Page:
Remembering Nate Smith, Pittsburgh’s Prizefighting Labor Activist

Labor News

Reprinted from The Nation by Jordana Rosenfeld on May 1, 2018.

“In the years after World War II, Pittsburgh, Pennsylvania, made drastic changes to its built environment in an attempt to move beyond its designation as the ‘Smoky City,’ a name earned by the city’s thick smog and industrial pollution,” writes Jordana Rosenfeld in The Nation. “Contentious urban renewal displaced thousands of black people in favor of commercial development, while ambitious construction projects contributed to Pittsburgh’s now-iconic downtown skyline.

“In the midst of this growth, Pittsburgh native Nate Smith saw major inequity. Ninety-eight percent of Pittsburgh’s 30,000 union construction workers were white, preventing black laborers in Pittsburgh from sharing in the benefits of the city’s first construction boom. Construction unions, at the time, were almost impossible to break into without family ties; pervasive racism did the rest. When community members protested the lack of black representation in construction, union bosses said that though they wanted to hire qualified black workers, they couldn’t find anyone skilled enough. …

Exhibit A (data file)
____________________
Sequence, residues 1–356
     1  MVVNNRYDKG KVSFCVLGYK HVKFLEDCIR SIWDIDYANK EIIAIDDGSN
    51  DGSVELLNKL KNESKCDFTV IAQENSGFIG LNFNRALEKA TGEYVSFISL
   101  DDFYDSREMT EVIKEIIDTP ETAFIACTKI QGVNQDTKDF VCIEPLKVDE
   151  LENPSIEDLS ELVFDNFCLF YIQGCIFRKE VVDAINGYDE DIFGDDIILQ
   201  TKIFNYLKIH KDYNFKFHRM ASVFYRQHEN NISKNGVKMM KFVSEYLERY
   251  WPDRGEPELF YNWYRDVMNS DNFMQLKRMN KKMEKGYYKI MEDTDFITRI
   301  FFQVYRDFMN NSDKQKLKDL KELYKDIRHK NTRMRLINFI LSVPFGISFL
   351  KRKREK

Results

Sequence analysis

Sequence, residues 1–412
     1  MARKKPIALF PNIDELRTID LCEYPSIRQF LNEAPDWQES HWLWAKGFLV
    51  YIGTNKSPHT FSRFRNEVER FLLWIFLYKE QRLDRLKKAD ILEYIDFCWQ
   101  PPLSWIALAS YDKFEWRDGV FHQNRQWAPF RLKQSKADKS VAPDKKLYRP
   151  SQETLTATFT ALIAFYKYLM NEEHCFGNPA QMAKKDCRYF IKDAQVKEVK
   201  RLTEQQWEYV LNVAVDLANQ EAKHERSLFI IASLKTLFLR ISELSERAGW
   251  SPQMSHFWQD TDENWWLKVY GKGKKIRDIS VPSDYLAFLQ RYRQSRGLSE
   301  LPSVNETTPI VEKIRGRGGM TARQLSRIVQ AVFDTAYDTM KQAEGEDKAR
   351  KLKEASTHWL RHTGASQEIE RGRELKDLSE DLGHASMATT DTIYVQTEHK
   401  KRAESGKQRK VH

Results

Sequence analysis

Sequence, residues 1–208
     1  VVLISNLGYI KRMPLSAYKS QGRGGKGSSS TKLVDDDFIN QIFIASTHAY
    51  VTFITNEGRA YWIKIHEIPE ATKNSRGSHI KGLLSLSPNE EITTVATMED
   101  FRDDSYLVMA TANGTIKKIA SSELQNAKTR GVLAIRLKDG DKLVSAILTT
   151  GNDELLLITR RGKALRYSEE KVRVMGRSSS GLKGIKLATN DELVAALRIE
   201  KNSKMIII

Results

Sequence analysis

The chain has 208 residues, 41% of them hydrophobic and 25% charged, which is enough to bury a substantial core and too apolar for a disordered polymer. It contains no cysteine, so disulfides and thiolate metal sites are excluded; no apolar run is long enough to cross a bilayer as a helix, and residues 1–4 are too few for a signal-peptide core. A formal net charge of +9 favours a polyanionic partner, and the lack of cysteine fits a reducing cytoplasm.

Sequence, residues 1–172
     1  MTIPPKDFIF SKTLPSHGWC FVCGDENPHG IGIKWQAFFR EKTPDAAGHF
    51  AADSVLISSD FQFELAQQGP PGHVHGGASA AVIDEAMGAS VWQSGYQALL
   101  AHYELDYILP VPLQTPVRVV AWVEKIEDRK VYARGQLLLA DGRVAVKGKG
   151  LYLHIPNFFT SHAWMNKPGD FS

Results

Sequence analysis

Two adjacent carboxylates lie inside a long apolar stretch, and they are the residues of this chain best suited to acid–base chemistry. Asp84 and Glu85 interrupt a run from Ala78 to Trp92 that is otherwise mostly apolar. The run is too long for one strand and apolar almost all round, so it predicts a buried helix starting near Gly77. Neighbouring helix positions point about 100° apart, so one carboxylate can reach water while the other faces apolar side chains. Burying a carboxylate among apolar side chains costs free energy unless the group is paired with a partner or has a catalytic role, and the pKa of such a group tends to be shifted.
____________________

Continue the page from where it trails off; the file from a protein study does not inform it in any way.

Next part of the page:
The Nation 5/1

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Jeff Burman represents assistant editors on the Guild’s Board of Directors. He can be reached at

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